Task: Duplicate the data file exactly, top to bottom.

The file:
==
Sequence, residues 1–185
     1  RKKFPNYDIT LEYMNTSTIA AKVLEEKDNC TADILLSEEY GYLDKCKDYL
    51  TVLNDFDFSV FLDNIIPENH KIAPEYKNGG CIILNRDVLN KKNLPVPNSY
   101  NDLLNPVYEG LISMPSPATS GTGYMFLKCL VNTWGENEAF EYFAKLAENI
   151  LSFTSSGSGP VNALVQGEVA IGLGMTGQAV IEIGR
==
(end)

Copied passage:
Sequence, residues 1–185
     1  RKKFPNYDIT LEYMNTSTIA AKVLEEKDNC TADILLSEEY GYLDKCKDYL
    51  TVLNDFDFSV FLDNIIPENH KIAPEYKNGG CIILNRDVLN KKNLPVPNSY
   101  NDLLNPVYEG LISMPSPATS GTGYMFLKCL VNTWGENEAF EYFAKLAENI
   151  LSFTSSGSGP VNALVQGEVA IGLGMTGQAV IEIGR